The European Central Bank’s plan to slash its interest rate on deposits into negative territory has caught the attention of U.S. advisors, but whether the move results in major portfolio changes is still up in the air.

The ECB's monetary policy change that takes effect June 11 means that commercial banking institutions in Europe will now be charged for holding deposits with the central bank. The move was aimed at boosting low inflation, by encouraging increased lending.

Matthias Kuhlmey, HighTower's head of group investment solutions, says the ECB's action indicates troubling economic conditions in Europe. However, there are still opportunities for advisors to explore equities in "high quality multi-national firms." Kuhlmey, who is German, sees potential in European stocks from investors wanting higher yields. But he also is concerned by the ECB’s efforts to fix the region's fiscal woes.

"The concern that every financial advisor needs to have is that there is still a need for central banks to stimulate the economic framework," says Kuhlmey, who prior to joining HighTower held positions at UBS, Bank Julius Baer and Deutsche Bank. "If you have a focus toward central banks trying to fix inflation, a financial system will inherently become more risky."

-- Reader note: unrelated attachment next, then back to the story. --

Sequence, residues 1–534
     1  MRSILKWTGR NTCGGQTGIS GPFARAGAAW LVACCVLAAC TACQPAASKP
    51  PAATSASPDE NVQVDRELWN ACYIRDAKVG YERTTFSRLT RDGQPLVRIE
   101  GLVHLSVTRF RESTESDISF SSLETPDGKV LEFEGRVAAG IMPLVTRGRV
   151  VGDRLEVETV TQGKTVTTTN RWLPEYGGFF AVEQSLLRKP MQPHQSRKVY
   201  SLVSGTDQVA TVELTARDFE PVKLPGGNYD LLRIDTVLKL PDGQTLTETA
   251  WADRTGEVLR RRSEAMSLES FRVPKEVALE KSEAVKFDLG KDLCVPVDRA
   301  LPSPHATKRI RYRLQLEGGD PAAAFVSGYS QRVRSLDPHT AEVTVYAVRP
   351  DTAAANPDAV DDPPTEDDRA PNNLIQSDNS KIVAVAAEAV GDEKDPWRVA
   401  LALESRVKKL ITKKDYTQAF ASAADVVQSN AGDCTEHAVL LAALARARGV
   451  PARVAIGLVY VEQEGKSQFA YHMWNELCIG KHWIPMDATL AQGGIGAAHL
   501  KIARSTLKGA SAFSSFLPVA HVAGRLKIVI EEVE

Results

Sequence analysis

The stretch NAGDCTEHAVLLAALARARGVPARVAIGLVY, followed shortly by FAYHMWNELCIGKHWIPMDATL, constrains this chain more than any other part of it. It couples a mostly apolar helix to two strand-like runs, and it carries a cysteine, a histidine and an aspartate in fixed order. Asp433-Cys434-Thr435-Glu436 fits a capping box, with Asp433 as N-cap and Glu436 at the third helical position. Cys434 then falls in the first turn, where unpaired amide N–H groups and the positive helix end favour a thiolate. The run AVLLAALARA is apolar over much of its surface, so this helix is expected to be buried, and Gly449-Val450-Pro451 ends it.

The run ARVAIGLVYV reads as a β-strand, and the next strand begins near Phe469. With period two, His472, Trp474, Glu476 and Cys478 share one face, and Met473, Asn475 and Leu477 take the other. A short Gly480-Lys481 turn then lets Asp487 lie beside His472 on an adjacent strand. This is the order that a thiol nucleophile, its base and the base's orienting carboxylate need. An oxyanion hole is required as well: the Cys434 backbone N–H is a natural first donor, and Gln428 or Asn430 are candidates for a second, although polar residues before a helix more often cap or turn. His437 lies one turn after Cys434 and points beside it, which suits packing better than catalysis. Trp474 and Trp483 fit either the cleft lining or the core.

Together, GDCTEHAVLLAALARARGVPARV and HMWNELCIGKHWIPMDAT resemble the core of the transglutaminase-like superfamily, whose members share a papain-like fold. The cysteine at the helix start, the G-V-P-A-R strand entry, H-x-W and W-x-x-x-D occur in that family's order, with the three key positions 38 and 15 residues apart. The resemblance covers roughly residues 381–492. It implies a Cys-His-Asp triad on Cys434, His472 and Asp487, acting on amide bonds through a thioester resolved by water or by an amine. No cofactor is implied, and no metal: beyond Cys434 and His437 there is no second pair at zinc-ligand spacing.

Similarly, Willie Delwiche, investment strategist at Robert W. Baird & Co., says European stocks are inviting, given that banks increase lending. But "cash being less attractive" is also a concern for Delwiche. He doesn’t expect advisors to make any drastic decisions related to the region, until the ECB program has time to settle in.

"It's a step in the right direction but I don't see this as a game-changer kind of move that is going to cause people to reallocate to Europe," says Delwiche. "Taking a ‘wait-and-see’ approach is probably the best advice for advisors."

The European market reacted positively to the ECB's announcement with the Stoxx Europe 600 index rising 0.42% Thursday to 344.99. The euro currency finished up 0.49% late Thursday afternoon after previously dropping to $135.03 earlier in the day. Analysts for Credit Suisse released a report on the ECB announcement on Friday morning estimating that they expect the euro to fall to $1.32 over the next 12 months.

Some industry players were relieved by ECB president Mario Draghi’s decision.

"(It) will allow people to maintain positions, instead of fleeing, and… sustain markets for a while," says Milton Ezrati, a senior economist and market strategist for Lord, Abbett & Co., and an associate of the Center for the Study of Human Capital at the State University of New York at Buffalo. "Ultimately, the deflationary threat makes the ECB's and the Euro Zone's job a lot harder."